Three ex-mercenaries. Two dirty cops. One job: Break into a bank, steal a safety deposit box for the Russian mafia, get out before the police arrive.
Michael Atwood believes that such a heist is difficult but doable, and he encourages his band of skilled thieves to embrace his can-do attitude. And as they do, things go exactly as planned … right up until one of the guys decides to help himself to a few stacks of cash 'cause, hey, you know, they're in the vault already. And no one notices that the bank manager has managed to slip in a little something "extra" for the otherwise competent thieves: red dye bombs.
Soon a well-planned heist goes wildly awry, ending in a high-profile shootout. Worse, it turns out that whatever it was the Russians (led by steel-hearted matriarch Irina Vlaslov) really wanted from the safe deposit box wasn't even there. So now they've got to do another job, lest the mafia start killing their family members. And it just got a lot harder since the sensitive info the Russians want is being transferred to a high-security Homeland Security facility.
No problem, corrupt police officer Marcus Belmont insists. He says there's one surefire way to make sure the police don't show up too soon: kill a policeman as a diversion, which will instantly occupy the attention of every cop in town once the 999 "officer down" code is dutifully delivered by the dispatcher. "Kill a cop, you got all d--n day," Marcus says coolly. "It's open season. Everybody wants a piece of a cop killer."
And it turns out that Marcus even has a specific suggestion for that sacrificial lamb in blue: his new, true-believer partner, Chris Allen. You see, Allen's a young, married officer who's determined to make a difference on the mean streets of inner-city Atlanta. And it almost goes without saying that Marcus doesn't think much of the guy's earnest, do-gooder convictions.
As the fateful day of the second heist nears, however, various members of the gang harbor anxious second thoughts about so brutally setting up the execution of someone they know. Meanwhile, Chris' drunken-but-dogged uncle on the force, Sgt. Det. Jeffrey Allen, has a growing suspicion that something big and bad is about to go down—a suspicion that's confirmed when a desperate 999 comes in from the last known vicinity of his nephew.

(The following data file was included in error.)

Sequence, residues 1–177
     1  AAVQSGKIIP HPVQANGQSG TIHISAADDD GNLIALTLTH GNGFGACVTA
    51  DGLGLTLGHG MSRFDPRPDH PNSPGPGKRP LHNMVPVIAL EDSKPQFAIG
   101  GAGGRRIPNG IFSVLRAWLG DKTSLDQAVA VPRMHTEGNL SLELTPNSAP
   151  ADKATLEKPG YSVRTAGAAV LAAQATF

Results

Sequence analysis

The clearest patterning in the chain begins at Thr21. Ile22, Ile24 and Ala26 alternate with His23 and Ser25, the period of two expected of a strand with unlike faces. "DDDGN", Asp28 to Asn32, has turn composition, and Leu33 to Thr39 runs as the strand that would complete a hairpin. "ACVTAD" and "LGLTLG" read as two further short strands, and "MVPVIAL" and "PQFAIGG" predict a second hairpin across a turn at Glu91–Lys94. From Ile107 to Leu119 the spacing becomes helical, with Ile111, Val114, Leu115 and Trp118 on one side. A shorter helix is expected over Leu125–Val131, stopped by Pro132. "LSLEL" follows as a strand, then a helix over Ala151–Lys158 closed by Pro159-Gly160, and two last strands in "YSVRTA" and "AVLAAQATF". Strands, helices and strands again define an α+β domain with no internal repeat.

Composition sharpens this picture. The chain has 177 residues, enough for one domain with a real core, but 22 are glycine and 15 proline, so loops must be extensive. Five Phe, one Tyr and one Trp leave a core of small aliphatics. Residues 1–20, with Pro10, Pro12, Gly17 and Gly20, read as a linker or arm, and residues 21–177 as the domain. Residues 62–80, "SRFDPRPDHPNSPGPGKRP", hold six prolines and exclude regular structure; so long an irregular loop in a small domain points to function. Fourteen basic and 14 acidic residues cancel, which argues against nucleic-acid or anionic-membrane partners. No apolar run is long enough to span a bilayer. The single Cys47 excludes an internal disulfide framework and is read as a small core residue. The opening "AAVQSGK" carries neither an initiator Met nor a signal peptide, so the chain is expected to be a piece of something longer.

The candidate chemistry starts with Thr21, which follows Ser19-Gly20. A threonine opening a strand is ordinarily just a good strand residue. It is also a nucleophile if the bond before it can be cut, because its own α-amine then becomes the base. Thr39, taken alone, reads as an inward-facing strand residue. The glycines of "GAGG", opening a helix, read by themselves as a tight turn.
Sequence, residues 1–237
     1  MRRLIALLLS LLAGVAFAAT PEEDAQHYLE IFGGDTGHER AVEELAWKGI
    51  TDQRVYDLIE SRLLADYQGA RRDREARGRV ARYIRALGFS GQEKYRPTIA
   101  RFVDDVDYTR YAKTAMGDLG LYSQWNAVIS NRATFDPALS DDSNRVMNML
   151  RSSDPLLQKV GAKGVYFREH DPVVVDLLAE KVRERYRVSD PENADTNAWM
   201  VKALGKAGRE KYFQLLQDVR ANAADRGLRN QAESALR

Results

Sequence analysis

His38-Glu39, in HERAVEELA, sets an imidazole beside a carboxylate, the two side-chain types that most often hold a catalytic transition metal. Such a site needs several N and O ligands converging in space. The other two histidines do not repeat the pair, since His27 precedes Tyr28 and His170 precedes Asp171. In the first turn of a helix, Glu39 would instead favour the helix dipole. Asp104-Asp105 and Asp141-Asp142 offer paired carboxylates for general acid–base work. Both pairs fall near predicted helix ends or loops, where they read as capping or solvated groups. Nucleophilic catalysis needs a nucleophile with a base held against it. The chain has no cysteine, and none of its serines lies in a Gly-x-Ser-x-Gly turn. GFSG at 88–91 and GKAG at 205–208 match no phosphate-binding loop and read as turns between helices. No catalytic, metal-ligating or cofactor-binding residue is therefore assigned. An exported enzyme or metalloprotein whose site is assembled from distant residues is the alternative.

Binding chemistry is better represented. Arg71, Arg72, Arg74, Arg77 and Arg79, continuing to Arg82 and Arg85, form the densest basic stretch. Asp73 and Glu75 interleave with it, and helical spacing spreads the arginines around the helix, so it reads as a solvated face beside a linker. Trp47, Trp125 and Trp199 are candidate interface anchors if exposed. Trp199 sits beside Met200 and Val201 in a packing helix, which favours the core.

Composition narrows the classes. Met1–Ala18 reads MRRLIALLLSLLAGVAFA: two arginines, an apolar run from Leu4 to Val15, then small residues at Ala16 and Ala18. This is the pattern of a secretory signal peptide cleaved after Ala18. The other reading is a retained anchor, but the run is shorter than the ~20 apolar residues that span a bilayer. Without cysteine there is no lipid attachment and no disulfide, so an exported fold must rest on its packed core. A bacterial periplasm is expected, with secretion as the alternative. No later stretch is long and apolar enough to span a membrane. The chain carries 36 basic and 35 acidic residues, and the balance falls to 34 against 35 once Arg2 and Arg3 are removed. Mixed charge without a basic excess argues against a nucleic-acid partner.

Chris Allen offers a relatively unsullied moral foil to the myriad shades of gray to black that besmirch virtually every other character here. He honestly wants to go after the bad guys, to get them off the streets. And it's a mission his loving, loyal wife encourages him in as well, even when he has doubts.
Marcus has little else but contempt for Chris at first, but when Chris saves his life (by shooting a raging criminal in the head), it seems to get Marcus' attention. And even though Marcus is the one who's dreamed up the idea of taking down Chris, he's beginning to have pangs of conscience about his heinous plan. And another member of the gang, Gabe Welch, has even bigger qualms.
As for Sgt. Det. Jeffrey Allen, he's a seriously mixed bag. He doesn't share his young nephew's optimistic outlook about cleaning up the streets, but he's nonetheless determined to get the baddies he pursues. He's also deeply committed to Chris and his young family, and you get the sense that he'd do anything to protect them.
A Jewish woman wears a prominent Star of David. A police officer wears an Egyptian ankh pendant. Chris wears a Christian cross, and we see another cross on the wall in his home. Passing reference is made to a mother's prayers. A black street preacher rants about "the mark of the beast." He says the Antichrist will be white while standing in front of a poster that declares, "Jesus Was a Negro." There's this sarcastic jab: "You and I pray at the same altar."
Breast nudity, rear nudity and even some sexual contact between customer and dancer are shown at a strip club. Lap dances are offered. The club's manager is a transsexual with a deep voice named Sweet Pea. Wearing just a shirt (and showing backside nudity to the camera), Chris' wife tries to entice him to bed with a kiss. Elena (who is Irina's sister) wears formfitting and revealing clothing throughout. She's also shown on a beach in a bikini (along with other similarly attired women). She propositions Michael, removing her top and revealing her bra. Irina's outfits include tops with plunging necklines. We hear about porn and a crude reference to oral sex.
A dead gang member's nude body is shown blurrily on a morgue gurney in the background. And it's about the only blurry bit of violence-related material in the whole film as brutal violence absolutely permeates Triple 9. We see three decapitated heads on a car hood at a crime scene. Multiple characters are shot and killed, several at close range, a couple of them with bloody head shots. A man who's dying after being nearly suffocated with a bag is shot at point-blank range by an associate who promises he'll ease the man's suffering. Someone gets shot through the hand. An explosive device blows part of a man's foot off, and it bleeds profusely as he writhes in agony. Other people have explosives affixed to their heads and necks. Thieves use bombs to decimate doors and vaults, and they also destroy three vehicles, including one that's full of people. (A body is shown burning on the ground afterward.)